On one of our weekend lockdowns, at a Worthing hotel (where we drive just 10 minutes up the road once every few weeks, to get away from domestic life and the over-familiarity of home) I asked. Shocked, she responded, “thank you”. We both laughed at the response and at the thrill of making something good happen in the middle of all the horror around us. The older you get, the more you understand the cosmic complex truth that, somehow, when the house is burning down, remembering to laugh and to dance is important.
A chaotic mix of entrepreneurial hustle, neighbourly compassion, lost pets, reports about traffic, queues and crowds, curiosity about roadworks or wildlife species spotted- and a fair bit of baiting and toxic trouble-stirring. Lockdown has intensified both the volume of traffic and the emotional charge.
Lindyhop is all about free expression and getting into the music. When you look at absolute beginners and very advanced dancers, they look very similar… Programmes like ‘Strictly’ don’t help. Amanda and I resist the temptation right there to do a ‘deplorable things about Strictly’ talk.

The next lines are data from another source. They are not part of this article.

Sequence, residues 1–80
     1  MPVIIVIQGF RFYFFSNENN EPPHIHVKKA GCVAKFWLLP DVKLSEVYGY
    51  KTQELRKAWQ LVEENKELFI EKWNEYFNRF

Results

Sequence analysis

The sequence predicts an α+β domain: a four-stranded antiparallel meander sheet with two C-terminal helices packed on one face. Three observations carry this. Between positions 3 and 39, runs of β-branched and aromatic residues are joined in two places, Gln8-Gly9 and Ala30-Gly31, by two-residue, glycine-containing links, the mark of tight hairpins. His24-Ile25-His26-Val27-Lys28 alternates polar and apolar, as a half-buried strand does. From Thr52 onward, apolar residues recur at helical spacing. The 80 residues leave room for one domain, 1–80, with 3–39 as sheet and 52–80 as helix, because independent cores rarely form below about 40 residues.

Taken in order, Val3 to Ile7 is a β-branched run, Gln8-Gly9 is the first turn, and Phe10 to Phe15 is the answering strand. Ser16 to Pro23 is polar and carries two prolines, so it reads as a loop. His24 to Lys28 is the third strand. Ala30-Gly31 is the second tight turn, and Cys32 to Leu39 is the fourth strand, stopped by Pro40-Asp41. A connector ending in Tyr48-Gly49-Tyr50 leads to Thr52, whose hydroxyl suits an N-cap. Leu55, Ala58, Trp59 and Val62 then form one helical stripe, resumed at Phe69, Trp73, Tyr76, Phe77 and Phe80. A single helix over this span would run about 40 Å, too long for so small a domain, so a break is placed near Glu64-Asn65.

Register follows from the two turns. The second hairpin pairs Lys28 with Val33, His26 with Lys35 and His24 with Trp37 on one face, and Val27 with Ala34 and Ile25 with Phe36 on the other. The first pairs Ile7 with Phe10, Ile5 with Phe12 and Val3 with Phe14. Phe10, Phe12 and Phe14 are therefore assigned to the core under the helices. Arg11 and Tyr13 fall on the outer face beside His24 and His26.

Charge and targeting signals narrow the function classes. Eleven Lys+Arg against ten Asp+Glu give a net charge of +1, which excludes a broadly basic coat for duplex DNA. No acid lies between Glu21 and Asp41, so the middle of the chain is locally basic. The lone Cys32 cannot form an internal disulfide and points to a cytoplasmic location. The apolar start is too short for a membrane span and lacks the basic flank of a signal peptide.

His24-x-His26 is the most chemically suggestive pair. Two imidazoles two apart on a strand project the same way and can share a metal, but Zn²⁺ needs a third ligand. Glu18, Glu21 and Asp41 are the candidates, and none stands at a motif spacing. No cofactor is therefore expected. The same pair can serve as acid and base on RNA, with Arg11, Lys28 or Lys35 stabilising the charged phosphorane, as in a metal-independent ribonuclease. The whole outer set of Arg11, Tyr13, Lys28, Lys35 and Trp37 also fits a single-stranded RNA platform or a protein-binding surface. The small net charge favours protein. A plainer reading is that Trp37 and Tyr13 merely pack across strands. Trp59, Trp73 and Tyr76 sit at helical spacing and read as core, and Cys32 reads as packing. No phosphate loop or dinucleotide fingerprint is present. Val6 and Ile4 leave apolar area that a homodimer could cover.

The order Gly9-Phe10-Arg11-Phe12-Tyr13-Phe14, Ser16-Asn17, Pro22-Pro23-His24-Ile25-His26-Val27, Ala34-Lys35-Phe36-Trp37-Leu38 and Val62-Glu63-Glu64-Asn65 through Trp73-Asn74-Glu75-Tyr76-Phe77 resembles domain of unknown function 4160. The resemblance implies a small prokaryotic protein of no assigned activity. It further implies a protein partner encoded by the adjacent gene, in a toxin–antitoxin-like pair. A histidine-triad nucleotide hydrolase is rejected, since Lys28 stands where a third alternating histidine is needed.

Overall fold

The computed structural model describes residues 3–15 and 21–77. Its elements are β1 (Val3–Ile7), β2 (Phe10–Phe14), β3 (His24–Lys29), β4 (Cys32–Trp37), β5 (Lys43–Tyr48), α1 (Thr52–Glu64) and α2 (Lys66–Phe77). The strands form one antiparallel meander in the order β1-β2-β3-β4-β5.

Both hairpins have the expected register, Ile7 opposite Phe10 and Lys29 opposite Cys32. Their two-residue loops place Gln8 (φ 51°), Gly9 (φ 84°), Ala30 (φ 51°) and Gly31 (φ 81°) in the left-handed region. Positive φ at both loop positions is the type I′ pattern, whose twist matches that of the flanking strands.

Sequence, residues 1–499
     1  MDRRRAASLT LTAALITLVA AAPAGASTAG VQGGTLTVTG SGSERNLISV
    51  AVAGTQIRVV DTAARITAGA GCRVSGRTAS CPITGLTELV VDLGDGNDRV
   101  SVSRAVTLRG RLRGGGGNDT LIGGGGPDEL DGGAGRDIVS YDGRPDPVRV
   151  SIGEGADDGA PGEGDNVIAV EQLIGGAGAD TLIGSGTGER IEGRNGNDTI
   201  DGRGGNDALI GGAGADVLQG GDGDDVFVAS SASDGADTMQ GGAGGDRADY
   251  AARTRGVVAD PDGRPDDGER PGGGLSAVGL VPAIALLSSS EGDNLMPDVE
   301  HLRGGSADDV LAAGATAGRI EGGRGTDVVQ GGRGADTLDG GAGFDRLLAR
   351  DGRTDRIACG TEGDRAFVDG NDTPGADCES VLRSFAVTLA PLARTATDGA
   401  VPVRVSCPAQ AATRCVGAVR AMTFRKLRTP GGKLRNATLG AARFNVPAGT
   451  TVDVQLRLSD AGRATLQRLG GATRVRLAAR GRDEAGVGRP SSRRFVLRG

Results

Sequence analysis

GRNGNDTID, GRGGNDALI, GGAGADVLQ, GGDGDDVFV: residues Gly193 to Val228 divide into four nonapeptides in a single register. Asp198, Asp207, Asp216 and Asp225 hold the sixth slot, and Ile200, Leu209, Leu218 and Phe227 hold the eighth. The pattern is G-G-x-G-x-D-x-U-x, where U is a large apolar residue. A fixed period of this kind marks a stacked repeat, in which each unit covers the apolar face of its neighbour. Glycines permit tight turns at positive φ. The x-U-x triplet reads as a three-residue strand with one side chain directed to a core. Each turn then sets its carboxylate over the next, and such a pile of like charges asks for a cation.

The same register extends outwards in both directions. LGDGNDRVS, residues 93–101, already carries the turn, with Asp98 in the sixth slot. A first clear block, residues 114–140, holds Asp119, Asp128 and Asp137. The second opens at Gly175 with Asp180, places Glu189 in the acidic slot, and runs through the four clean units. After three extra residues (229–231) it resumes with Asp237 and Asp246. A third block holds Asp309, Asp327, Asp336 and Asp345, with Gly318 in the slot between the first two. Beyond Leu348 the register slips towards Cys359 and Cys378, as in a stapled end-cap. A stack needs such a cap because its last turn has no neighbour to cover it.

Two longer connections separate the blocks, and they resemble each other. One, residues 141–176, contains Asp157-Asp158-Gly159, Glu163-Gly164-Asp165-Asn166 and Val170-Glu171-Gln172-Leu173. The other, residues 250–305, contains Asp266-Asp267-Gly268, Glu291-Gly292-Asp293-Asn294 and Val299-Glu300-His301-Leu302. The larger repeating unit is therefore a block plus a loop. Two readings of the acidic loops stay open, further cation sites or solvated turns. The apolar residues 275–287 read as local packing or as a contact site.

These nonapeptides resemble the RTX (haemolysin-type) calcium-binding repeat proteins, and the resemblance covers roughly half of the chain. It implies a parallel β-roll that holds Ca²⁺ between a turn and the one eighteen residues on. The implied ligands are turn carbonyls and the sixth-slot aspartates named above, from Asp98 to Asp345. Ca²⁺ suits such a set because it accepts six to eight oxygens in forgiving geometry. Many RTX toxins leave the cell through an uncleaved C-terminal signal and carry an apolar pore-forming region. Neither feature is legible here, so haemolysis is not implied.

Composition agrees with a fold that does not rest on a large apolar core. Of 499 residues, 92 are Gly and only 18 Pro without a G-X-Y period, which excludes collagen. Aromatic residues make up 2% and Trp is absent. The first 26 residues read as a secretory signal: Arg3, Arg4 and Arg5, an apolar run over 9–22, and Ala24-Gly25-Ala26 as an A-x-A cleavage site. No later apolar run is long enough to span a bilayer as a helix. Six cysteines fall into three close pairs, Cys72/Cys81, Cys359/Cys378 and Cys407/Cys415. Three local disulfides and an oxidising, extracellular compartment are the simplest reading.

WoBy is not going to invite you to ‘get involved’; you live here, you already are involved. Write something about Worthing. Or send an image about it.
One man kept backtracking as he remembered things the family might need in case of shortages – “sorry, sorry”, he kept apologising, unaware in those days of magic hand-sanitiser that his outbreath and loud ‘sorry’ could itself be a vector for spread.
From the consumer point of view, frankly, one six-foot tall and beefy 20 year old’s session is likely a five-foot skinny 50 year old’s downfall, so you have to take this ‘session’ concept a bit personally
Dry January feels like a sticking plaster on a gaping wound. For society. Even at a personal level. I remember I had all my friends round the house on day 30, and they rolled a foot-long and I remember feeling sick and thinking – well, that was pointless, that whole month.